People in the medical industry use terminologies that often sound foreign and intimidating to the uninitiated. To do a good job in the healthcare field as an admin professional, learning the language is key to understanding what is discussed, billed, or read, reducing mistakes that can be detrimental to patient safety and the quality of care patients receive.
Likewise, standardized language ensures compliance with industry regulations, such as HIPAA and other federal and state laws.
NCU is sharing some healthcare business terms our School of Health Sciences believes are essential for every healthcare administration professional to know.
9 Commonly Used Business Terminologies Healthcare Professionals Should Know
Accountable Care Organizations
Groups of hospitals, doctors, and other healthcare providers who work together to ensure coordinated, high-quality patient care are called ACOs or accountable care organizations.
Related Article: What is Interprofessional Education (IPE)?
Centers for Medicare & Medicaid Services
The CMS is an agency within the U.S. Department of Health and Human Services and is responsible for providing patients with health coverage through the various healthcare programs, including Medicare, Medicaid, and CHIP (Children’s Health Insurance Program).
This is the amount a patient pays for healthcare services before their insurance provider starts paying.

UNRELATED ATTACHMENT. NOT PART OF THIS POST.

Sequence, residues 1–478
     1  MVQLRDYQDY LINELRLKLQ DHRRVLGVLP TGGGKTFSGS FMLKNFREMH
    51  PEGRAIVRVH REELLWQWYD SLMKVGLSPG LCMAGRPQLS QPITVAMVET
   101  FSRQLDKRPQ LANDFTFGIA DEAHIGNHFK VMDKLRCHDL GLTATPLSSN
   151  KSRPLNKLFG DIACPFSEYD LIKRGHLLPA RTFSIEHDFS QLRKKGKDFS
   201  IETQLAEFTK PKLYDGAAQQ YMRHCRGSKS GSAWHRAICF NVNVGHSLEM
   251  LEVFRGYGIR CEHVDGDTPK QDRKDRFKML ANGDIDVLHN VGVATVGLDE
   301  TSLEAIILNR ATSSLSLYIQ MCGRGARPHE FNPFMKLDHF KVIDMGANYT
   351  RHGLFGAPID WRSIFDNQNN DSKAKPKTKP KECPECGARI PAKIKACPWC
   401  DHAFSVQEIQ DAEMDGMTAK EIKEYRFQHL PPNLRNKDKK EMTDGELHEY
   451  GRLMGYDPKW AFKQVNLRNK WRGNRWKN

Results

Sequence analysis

Durable medical equipment
DME for short, durable medical equipment are supplies or equipment required by healthcare providers for certain diseases, injuries, or disabilities. They include wheelchairs, walkers, crutches, ventilators, kidney machines, oxygen, nebulizers, monitors, traction equipment, and hospital beds.
Family practitioners are board-certified physicians whose scope of practice include children and adults.
Fee for service
Fee for service is a health insurance payment system that pays healthcare practitioners for every service they provide, no matter the outcome.
A gap analysis is a management technique used to identify healthcare issues and the discrepancies between what’s actually going on versus what needs to be going on.
Also called extra billing, balance billing happens when a healthcare provider bills a patient the difference between the healthcare charges and the amount the patient’s insurance company is willing to reimburse. For example, if the charges total $100 and the insurance can only cover $80, the remaining $20 is billed to the patient.
The Patient Protection and Affordable Care Act, also known as the Affordable Care Act (or informally, Obamacare) is a law enacted with the goal of providing access to affordable healthcare insurance.
For more health sciences terms that administrative professionals must learn this year, here’s a handy glossary from the American Speech-Language-Hearing Association (ASHA). A much longer list is also available at the Wisconsin Department of Public Instruction's website.